Oddy WH, Rosales F. A systematic review of the importance of milk TGF-β on immunological outcomes in the infant and young child.
Pediatr Allergy Immunol 2010: 21: 47–59.
© 2009 Mead Johnson Nutrition
Journal compilation © 2009 John Wiley & Sons A/S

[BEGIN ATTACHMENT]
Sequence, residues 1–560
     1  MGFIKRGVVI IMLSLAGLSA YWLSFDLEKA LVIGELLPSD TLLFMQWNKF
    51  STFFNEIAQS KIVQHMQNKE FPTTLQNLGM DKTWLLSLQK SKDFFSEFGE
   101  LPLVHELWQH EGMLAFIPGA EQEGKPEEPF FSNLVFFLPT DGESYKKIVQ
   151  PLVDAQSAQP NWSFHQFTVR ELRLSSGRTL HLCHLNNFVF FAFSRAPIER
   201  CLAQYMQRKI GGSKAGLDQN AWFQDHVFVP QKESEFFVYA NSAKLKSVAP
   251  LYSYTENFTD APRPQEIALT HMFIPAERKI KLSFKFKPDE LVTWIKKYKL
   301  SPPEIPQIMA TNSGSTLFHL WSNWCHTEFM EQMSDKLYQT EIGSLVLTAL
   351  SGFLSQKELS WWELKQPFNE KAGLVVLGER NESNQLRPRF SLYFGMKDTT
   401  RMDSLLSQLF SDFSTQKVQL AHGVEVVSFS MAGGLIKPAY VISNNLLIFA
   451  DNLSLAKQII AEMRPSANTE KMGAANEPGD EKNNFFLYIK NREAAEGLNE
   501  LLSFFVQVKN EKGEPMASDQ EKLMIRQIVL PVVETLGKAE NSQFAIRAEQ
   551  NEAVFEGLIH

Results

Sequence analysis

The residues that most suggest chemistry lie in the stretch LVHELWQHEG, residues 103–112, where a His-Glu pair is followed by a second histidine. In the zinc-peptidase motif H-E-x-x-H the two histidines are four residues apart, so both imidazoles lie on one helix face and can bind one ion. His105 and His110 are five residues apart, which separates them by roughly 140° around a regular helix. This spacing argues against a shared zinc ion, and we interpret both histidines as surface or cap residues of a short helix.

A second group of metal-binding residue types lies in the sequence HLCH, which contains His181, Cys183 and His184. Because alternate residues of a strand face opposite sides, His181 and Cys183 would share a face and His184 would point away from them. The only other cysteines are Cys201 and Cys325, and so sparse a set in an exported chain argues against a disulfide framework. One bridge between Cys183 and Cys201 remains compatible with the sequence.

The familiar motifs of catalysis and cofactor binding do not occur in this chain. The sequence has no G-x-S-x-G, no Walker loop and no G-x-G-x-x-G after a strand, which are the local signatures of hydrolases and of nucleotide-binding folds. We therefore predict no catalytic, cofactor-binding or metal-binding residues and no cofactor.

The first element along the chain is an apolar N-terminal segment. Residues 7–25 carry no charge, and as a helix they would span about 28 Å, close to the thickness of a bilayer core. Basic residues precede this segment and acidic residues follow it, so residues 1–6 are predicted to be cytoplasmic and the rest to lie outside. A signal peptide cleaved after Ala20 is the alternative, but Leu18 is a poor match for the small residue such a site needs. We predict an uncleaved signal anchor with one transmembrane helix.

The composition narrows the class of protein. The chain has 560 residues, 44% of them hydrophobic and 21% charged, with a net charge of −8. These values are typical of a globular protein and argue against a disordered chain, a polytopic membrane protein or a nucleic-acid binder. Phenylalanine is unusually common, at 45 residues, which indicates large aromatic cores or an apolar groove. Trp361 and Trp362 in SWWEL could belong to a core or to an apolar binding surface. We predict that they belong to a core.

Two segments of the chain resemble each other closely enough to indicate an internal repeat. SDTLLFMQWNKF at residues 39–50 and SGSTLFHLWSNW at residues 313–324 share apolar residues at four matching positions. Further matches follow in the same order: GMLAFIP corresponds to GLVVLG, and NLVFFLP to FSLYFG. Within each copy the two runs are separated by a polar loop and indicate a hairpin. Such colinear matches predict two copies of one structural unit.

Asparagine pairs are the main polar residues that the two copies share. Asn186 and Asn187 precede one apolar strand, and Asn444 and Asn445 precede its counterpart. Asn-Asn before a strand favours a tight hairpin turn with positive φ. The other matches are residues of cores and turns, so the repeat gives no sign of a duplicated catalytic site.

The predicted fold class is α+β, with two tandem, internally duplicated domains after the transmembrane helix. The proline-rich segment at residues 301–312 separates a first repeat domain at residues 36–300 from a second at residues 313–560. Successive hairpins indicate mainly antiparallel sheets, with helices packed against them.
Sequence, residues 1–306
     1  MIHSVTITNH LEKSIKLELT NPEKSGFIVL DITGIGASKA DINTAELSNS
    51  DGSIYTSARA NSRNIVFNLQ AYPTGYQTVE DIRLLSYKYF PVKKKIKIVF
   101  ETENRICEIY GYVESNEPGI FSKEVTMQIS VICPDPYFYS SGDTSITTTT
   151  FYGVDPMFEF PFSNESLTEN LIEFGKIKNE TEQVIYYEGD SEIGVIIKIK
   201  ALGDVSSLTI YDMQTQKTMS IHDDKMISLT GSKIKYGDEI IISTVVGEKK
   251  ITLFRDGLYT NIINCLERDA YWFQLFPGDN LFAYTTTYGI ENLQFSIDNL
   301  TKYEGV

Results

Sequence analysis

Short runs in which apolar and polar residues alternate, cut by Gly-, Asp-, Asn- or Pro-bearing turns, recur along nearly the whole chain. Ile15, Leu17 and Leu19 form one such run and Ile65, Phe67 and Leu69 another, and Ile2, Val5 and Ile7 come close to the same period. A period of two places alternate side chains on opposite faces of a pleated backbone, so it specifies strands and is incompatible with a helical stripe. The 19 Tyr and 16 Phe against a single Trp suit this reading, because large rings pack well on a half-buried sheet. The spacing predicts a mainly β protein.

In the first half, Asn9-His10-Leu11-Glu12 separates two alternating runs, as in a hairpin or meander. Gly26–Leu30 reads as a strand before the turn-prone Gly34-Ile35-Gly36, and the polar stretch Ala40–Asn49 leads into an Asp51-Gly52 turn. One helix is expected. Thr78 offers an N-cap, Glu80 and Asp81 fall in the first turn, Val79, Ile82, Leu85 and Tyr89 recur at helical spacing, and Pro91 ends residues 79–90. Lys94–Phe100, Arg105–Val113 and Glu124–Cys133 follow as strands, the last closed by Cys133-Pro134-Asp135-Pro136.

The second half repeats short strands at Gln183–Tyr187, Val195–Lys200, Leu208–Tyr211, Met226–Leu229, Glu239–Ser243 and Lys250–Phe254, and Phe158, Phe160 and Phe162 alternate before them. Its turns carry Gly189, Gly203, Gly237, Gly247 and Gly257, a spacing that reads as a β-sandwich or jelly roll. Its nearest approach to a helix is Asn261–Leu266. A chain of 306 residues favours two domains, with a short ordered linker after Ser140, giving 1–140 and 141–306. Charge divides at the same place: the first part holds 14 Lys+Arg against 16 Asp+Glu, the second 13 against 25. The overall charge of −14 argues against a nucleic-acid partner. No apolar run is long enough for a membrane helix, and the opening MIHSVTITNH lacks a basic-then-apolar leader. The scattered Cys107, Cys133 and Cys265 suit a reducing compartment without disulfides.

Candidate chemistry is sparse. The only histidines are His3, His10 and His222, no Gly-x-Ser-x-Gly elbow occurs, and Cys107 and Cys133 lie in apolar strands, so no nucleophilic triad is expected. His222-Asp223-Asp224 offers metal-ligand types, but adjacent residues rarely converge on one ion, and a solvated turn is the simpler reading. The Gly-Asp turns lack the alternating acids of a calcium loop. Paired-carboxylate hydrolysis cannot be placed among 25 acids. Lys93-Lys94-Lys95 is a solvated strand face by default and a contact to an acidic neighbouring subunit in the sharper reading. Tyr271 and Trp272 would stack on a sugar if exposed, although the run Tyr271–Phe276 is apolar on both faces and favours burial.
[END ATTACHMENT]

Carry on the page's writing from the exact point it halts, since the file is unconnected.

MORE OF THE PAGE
Cytokines in milk like transforming growth factor-beta (TGF-β) have been shown to induce oral tolerance in experimental animal studies. However, human studies are less consistent with these findings. The primary objective of this review was to conduct a systematic review of published studies on the association between TGF-β identified in human milk and immunological outcomes in infancy and early childhood. Human prospective clinical studies were identified through MEDLINE, CAB Abstracts, Biological Abstracts and Scopus. Selection criteria included: well described populations of mothers and infants, time of milk sampling, immunological outcome measures and analytical methods of TGF-β determination. We considered a wide range of immunological outcomes in infancy and early childhood, such as wheeze, atopy, eczema and the immunoglobulin switch. Twelve human studies were included in the review and 67% showed a positive association with TGF-β1 or TGF-β2 demonstrating protection against allergy-related outcomes in infancy and early childhood. High variability in concentrations of TGF-β was noted between and within studies, some of it explained by maternal history of atopy or by consumption of probiotics. Human milk TGF-β appears to be essential in developing and maintaining appropriate immune responses in infants and may provide protection against adverse immunological outcomes, corroborating findings from experimental animal studies. Further large clinical studies in diverse human populations are indicated to confirm these results.